Team building is an essential part of successful cultural organization, as it reinforce relationship between team members outside the scope of work and provide recognition for a job well done.
At AIX we believe in performance and recognition, at such we recently hosted a “team building day” to bring fun, enjoyment and camaraderie.
And it is easy to have a relatively well gelled team when times are good, sales are flowing in and profits are trebling every year – the periods when companies will feel they can spend money on personal, leadership and team development. Yet in recessions, challenging times and periods of uncertainty, this is the time when this development is needed more than ever.
For the simple fact is that, no matter what bonuses an individual employee is on, the quality and effectiveness of a team working seamlessly together is one of the key factors that will result in a company overcoming major challenges– or achieving success. For there are very few employees in any organization in the world who work in a vacuum. So much of what we do is utterly dependent on a shared vision, objectives and goals – true listening, understanding – support and commitment, camaraderie and cohesion of a team we are part of.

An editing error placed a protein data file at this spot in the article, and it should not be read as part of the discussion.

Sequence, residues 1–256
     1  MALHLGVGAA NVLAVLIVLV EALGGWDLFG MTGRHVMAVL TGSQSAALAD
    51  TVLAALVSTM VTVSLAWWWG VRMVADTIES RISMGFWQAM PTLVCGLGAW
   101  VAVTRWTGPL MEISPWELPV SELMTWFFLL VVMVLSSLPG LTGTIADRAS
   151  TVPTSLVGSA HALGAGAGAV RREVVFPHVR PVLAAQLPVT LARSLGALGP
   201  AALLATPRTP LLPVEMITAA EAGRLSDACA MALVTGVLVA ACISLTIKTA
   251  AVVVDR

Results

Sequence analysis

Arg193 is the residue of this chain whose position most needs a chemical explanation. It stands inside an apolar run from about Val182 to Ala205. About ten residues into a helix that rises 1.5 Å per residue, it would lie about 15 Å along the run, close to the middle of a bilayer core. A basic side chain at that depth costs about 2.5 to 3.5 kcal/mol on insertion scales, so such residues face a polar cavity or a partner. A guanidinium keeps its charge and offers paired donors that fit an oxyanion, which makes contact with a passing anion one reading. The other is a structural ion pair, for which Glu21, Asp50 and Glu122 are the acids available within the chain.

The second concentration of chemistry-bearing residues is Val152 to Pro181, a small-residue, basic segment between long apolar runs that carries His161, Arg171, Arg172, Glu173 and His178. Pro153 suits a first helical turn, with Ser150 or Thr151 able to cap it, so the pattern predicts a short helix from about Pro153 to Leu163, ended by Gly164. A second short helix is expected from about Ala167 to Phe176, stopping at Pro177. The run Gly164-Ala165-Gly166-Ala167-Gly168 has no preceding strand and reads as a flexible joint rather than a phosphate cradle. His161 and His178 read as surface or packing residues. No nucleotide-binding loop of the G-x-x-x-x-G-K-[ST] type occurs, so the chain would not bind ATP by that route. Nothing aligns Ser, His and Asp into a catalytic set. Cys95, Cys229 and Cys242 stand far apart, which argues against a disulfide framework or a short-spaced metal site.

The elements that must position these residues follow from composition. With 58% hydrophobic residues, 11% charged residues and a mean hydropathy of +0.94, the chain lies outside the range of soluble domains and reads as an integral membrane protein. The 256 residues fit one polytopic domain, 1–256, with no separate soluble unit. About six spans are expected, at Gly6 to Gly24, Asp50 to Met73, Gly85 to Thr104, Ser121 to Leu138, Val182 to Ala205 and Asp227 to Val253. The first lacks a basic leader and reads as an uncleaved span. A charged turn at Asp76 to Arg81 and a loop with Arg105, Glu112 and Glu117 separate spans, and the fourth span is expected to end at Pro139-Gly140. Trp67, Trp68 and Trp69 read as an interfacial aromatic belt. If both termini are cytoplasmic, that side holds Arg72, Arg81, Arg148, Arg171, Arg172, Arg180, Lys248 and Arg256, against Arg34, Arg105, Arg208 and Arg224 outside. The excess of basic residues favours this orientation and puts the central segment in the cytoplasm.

That is why top sporting teams enlist the skills of an entire group of coaches, psychologists and development gurus to enable every sportsperson and their team to reach their fullest potential. Companies need to have the same mindset, if not the same scale of resources.
Everyone has a different DNA and are motivated by different objectives. Contrary to common belief, money is not the key factor in most people’s leaving of a company.
Real teamwork, team development and team coaching is too critical to be left to the “nice to haves” or a once-a-year “team building days.” It will largely determine your company’s success or failure and nowhere more vital than in challenging times. Give it the importance it – and your teams – deserve.
The bottom line, all good things to have in a corporate calendar and if you can’t have some fun alongside the relentless pressure of sales targets, profit targets and growth, then a company isn’t putting its employees first.